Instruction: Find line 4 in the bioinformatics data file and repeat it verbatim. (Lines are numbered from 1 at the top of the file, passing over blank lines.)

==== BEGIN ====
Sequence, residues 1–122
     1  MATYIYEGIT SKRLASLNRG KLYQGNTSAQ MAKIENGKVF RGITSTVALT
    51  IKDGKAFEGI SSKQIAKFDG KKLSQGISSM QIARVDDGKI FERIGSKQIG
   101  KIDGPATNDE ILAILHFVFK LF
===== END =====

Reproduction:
   101  KIDGPATNDE ILAILHFVFK LF